The efficiencies arising from Xbox publication do notcome without hurdles. Unlike developing applicationsfor personal computers, a developer does not simplywrite and compile code, make copies and distribute themfreely. Access to the Xbox platform, as noted previously, is rigorously controlled by Microsoft.In this respect, Microsoft does not differ from other game console manufacturers. These are proprietary,incompatible systems which are developed atconsiderable expense, with estimates of up to $125 loston every Xbox sold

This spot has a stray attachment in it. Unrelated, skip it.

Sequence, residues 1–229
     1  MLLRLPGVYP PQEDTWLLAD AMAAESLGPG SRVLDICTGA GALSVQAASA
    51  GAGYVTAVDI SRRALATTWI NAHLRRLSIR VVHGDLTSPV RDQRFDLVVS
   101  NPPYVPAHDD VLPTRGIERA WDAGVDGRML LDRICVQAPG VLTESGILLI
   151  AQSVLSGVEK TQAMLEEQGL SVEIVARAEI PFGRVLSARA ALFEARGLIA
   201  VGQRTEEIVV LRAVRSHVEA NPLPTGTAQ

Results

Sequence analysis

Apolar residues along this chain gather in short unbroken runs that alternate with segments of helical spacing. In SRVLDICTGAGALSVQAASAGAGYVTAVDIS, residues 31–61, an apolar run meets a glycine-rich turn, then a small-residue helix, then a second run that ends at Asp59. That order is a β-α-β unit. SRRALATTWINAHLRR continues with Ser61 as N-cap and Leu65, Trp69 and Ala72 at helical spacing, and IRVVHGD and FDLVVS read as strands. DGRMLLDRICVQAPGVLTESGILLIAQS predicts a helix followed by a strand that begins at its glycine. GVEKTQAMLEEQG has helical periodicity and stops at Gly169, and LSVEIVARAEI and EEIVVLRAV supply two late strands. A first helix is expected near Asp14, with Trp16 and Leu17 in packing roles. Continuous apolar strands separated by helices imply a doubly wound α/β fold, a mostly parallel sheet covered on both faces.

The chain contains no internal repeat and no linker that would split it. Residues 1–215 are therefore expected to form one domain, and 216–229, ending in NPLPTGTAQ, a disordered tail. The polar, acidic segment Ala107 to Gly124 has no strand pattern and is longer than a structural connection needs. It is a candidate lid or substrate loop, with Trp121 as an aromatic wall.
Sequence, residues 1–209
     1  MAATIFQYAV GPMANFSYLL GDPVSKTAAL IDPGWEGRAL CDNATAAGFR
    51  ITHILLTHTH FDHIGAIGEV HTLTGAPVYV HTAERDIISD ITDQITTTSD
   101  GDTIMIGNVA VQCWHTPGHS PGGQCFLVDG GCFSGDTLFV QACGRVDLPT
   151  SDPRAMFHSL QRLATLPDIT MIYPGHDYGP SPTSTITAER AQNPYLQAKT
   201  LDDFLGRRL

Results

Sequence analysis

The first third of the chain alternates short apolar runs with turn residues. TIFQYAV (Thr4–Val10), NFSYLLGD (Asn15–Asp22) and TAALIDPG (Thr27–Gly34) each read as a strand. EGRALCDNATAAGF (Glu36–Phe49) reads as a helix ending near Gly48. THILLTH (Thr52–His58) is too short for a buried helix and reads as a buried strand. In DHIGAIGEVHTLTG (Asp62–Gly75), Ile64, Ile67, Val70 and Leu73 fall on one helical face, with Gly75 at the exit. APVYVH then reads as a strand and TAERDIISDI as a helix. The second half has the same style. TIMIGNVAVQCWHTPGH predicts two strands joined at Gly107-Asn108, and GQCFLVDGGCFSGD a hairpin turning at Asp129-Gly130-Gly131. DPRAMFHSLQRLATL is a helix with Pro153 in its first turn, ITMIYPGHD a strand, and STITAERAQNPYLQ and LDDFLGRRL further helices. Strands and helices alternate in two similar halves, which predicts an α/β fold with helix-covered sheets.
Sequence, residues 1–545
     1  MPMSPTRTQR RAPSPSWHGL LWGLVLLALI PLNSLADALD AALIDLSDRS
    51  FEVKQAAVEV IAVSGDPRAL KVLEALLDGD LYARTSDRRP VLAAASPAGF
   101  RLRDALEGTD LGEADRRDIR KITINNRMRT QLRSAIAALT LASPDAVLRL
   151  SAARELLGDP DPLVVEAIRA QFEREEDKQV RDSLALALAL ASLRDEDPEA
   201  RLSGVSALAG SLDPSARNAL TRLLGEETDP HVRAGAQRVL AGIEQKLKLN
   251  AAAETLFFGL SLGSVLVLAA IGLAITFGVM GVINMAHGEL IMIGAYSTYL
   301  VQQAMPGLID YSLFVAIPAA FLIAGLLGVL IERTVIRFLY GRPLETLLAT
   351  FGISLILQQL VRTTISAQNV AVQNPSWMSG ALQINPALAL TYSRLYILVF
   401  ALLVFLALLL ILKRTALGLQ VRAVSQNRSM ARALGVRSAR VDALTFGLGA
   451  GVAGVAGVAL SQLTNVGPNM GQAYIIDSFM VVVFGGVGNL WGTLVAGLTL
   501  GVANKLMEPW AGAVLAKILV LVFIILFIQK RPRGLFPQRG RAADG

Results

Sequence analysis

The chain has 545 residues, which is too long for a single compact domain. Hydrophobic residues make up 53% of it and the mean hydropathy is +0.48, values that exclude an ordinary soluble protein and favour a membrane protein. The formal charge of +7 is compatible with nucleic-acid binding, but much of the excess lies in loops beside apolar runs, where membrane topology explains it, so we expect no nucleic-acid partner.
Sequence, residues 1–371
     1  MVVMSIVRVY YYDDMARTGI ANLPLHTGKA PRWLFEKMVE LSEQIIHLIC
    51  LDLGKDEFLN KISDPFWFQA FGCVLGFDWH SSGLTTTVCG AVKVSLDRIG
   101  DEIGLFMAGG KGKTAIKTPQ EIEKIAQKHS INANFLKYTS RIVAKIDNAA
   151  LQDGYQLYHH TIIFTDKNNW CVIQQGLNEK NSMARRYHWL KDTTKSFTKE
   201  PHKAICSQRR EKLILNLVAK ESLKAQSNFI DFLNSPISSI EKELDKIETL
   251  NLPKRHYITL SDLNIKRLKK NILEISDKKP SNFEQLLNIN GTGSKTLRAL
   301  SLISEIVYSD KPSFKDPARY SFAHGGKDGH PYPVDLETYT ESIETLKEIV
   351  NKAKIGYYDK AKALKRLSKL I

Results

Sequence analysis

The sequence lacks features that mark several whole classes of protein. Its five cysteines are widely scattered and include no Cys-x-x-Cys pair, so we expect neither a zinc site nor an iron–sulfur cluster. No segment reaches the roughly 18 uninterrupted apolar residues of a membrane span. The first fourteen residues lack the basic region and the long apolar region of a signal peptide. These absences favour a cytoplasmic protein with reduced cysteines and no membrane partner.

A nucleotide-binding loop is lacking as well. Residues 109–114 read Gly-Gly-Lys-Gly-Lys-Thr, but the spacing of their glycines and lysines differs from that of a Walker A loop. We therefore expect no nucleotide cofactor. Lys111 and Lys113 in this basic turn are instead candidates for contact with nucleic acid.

. Profits are made from buyers who purchase discs over time, with each disc paying a platform license to Microsoft of approximately $10.Given this business model, it is not surprising thatMicrosoft has concerns about consoles used incircumstances that limit the purchase of new content. If a developer created a business productivity suite for Xbox with email, word processing and spread sheetapplications utilizing the Datel Xbox QWERTYkeyboard, he would pose a serious threat to Microsoft’sOperating System and productivity software businesses.If he used the Xbox’s 100BT Ethernet port to connect toan office subnet, he could overcome the platform’sstorage limitations with server-based storage. Asupervised workplace would limit game playopportunities, so no games would likely be purchased or used. This kind of scenario makes consolemanufacturers cautious about the kinds of applicationsthey certify.